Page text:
This time last year, Moderna, Inc., was starting to look a lot like Theranos.

Moderna had spent the large part of a decade selling investors on the idea of an unprecedented product—a messenger RNA drug. The company, valued at $7.5 billion, made history in December 2018 with the biggest-ever initial public offering for a biotech, but immediately saw shares slump as investors grew skeptical of the company’s investment splurges, mounting losses and absent results. 

Then came the coronavirus.

In the 11 months since Moderna sequenced a Covid-19 vaccine, the company has nearly made good on its promise to design an mRNA medicine worthy of Food and Drug Administration (FDA) approval. Authorization is expected Friday. Shares soared when the company applied for emergency approval of its mRNA-1273 vaccine, and profits, lined with taxpayer dollars, are soon to follow.

Moderna will capitalize on the U.S. government’s desperation for a return to normalcy, pumping up its vaccine price to meet demand, bringing in billions and ignoring the ethics of profiteering off a public health crisis turned economic catastrophe.

“They could have priced the vaccine at half of what it’s priced at now, and they would have still been profitable,” Hartaj Singh, an analyst at Oppenheimer & Co. said.

Moderna’s price, far from a value-judgment, is their escape hatch from a decade of losses.

Lack of sales—due to a lack of products to sell—are to blame. Before Covid-19, Moderna’s revenue stemmed primarily from grants to fund research; the company had never produced a marketable product.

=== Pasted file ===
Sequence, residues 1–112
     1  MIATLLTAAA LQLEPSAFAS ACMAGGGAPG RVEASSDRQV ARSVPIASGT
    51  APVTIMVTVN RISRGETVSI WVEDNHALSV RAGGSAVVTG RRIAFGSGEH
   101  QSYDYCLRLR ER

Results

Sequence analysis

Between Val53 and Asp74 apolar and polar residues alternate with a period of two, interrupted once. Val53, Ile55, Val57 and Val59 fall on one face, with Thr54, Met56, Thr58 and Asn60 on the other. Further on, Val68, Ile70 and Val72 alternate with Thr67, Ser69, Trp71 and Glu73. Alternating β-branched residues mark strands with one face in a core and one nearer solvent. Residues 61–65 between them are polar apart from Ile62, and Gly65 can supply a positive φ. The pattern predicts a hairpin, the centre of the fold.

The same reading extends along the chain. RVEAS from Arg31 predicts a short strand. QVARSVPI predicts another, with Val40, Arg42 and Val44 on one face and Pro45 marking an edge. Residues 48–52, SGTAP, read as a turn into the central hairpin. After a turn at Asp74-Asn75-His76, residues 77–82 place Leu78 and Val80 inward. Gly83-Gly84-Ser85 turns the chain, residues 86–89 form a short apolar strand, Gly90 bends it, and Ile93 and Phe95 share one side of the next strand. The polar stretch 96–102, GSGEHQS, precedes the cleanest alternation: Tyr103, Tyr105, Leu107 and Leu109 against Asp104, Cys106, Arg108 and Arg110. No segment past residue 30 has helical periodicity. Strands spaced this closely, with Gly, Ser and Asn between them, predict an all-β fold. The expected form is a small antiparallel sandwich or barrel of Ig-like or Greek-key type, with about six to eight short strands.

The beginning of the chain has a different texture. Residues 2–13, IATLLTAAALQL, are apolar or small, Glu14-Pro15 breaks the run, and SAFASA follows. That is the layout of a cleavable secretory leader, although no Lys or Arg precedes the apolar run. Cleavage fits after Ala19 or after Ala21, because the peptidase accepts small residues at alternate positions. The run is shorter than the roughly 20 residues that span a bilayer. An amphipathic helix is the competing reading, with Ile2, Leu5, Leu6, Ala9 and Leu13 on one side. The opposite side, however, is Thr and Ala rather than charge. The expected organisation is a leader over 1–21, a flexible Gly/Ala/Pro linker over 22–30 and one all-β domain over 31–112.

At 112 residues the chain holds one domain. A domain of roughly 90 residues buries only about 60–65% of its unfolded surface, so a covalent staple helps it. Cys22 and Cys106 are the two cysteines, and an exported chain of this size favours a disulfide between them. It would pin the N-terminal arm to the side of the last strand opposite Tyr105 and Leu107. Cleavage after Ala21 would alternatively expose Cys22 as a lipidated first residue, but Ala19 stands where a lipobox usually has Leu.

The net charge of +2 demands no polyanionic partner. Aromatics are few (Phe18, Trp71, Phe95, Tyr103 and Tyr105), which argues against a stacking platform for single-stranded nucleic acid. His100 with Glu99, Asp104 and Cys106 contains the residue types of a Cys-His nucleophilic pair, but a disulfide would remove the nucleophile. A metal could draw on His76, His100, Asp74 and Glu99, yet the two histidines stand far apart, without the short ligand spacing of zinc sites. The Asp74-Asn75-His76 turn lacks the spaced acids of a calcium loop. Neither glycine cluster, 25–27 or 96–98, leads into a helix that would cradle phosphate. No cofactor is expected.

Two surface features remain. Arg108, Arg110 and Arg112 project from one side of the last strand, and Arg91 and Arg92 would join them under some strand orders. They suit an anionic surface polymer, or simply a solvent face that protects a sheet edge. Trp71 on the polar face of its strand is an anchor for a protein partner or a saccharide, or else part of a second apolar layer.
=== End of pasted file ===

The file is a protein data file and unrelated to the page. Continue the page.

The company’s high operational expenses mean Moderna is likely to report record losses in 2020. On average, analysts estimate Moderna’s annual losses of $688.5 million, up from $514 million in the red in 2019.

A successful vaccine would beget sustained revenue. Moderna has already inked deals to distribute 381.5 million doses to seven governments in 2020, with options to tack on more shots.

This year alone, the U.S. government sank just shy of $2.5 billion into research and development for Moderna’s vaccine.

Analysts estimate Moderna will pull $446 million in revenue this year, a figure that balloons to $7 billion come 2021.

“They will have, what’s called, pandemic kind of revenues,” Singh said.

If projections are correct, profits will take off too.

When Moderna secured its first U.S. deal for 100 million doses at $1.5 billion, the company provided a baseline for cost—$30.50 per person for a two-dose regimen.

Earlier projections valued mRNA-1273 between $32 to $37 a dose, or $64 to $74 for a full round, but Moderna’s pre-sale price still billed the vaccine above competitors. Pfizer, producing another mRNA drug, had promised a $20 vaccine sequence; AstraZeneca said it would sell doses for a few bucks a shot. Others vowed to forgo profits entirely.

In an earnings call, Moderna CEO Stéphane Bancel revealed that the starting price had a coupon baked in. Once trial results were conclusive, governments would be expected to pay a yet-to-be-determined full price. 

“As the product’s risk decreases with data we give less of a discount,” Moderna CEO Bancel said.

The final cost of a vaccine is hard to pin down because it rests on myriad variables, like real-world efficacy, accessibility, ease of use, and whether competitors produce comparable or superior results, Dr. Bruce Lee, professor of health policy and management at the City University of New York, said.

“These are preliminary prices,” Lee said.